Two weeks into training camp, Tennessee continues to search for answers on both sides of the line of scrimmage. While the program’s offensive line has been discussed as the biggest factor when it comes to determining the success of the team, the defensive line can’t be far behind when it comes to that conversation.

Before Emmit Gooden was lost for the season due to a training camp injury, the Volunteers were already having to deal with the loss of every starter from last season’s defensive line. Now with completely uncertainty upfront, compounded by the fact Tennessee has no idea if Michigan transfer Aubrey Solomon will be eligible to play this fall, it’s up to Tracy Rocker to get his unit up to speed in a hurry heading into the season.

When asked about the state of his unit on Thursday, Tennessee’s defensive line coach said the easiest way to describe his group was to compare them to a rollercoaster.

“Well, it depends on what day. Some days it’s good, some days it’s bad, but the thing is, it’s part of football and a part of growing up,” Rocker said. “We have good days and bad days but you do see the potential. It’s like a roller coaster. You start and you’re like ‘oh we’re going to have a good one,’ and then it’ll come down and then it goes back up. The biggest thing we’re working on is trying to be consistent and that’s the most important thing. I feel good that we are, but it’s part of camp, it’s part of growing up.”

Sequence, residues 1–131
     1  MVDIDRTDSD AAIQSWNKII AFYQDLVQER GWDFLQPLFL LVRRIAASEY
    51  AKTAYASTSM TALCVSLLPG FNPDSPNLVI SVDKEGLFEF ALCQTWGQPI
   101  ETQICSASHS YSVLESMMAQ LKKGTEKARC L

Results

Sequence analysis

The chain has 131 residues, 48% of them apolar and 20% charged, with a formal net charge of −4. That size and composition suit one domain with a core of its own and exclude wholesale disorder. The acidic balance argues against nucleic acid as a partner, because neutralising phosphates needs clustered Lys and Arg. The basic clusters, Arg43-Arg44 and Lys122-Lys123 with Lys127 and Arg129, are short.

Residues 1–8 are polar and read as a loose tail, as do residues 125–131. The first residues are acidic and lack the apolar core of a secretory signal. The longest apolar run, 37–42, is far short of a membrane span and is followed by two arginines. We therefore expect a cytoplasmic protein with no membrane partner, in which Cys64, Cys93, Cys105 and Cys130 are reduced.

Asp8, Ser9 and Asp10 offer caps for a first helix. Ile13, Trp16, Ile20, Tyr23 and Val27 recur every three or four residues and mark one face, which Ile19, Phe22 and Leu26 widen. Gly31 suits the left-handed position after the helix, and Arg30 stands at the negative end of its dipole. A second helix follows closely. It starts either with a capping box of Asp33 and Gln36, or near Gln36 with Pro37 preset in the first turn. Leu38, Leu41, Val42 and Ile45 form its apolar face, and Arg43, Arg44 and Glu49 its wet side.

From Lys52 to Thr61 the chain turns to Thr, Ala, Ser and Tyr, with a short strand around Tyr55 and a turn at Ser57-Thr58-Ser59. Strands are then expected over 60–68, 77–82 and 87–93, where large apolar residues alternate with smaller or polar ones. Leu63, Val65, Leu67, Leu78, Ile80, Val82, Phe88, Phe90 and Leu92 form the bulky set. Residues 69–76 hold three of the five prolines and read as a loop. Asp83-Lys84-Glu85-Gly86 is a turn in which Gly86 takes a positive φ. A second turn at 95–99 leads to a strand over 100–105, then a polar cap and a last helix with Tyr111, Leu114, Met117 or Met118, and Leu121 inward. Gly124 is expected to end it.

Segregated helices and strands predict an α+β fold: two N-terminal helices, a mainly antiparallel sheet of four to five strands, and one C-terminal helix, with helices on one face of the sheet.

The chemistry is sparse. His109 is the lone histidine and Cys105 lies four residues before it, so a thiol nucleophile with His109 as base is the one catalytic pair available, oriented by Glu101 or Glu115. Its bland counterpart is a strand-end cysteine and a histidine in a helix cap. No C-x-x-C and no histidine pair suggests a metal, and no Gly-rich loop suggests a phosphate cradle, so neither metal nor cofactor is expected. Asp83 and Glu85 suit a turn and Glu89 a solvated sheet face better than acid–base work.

The Volunteers may not be returning any experience on the defensive line but that doesn’t mean Rocker doesn’t have talent to work with on Rocky Top.

Greg Emerson came to Tennessee as a high school All-American, Savion Williams was a JUCO All-American, Elijah Simmons is looking like the most underrated prospects in the program’s entire 2019 signing class, John Mincey had a long list of SEC offers coming out high school and Darel Middleton has the frame of an NFL lineman.

That talent has not gone unnoticed by Rocker.

“I love the talent level,” Tennessee’s defensive line coach said. “What we got is what we got and it’s up to me and the defensive coaches to keep pulling the best out of them and keep working. Hopefully, while we’re in camp, we keep putting them in different situations so that they will be ready for the season. You’ve got to know when to push and pull, but also be demanding and also know, hey, it’s part of the process of growing up.

“The next day, they’ll come back and they’ll fight and then all of a sudden, the wheel will come off. Then we put the wheel on, let’s go again. That’s excitement and that’s part of coaching. It’s no different than you guys. You’re raising a family, you know what’s going on. Some days, that car is going right and another day the wheel is getting wiggly. Hey, we got to straighten it up and tighten up the lug nuts and let’s go.”

When it comes to an emerging pass rusher up front, Rocker singled out a player not listed above and one that did not even arrive at Tennessee on the defensive side of the ball. The unit’s most emerging pass rusher showed up on Rocky Top hoping to play tight end.

“The guy that has probably stood out, that we think has the potential is (Latrell) Bumphus,” Rocker said. “Bumphus has really improved. He’s improved run and pass and getting better as a football player, he has really stood out… One, his body has changed. Bump was a tight end and he’s kind of been all over this team. For now, he’s at the defensive line. He’s playing defensive end and it’s been really good to have him there and he seems to enjoy it. He enjoys practice. He enjoys getting better.”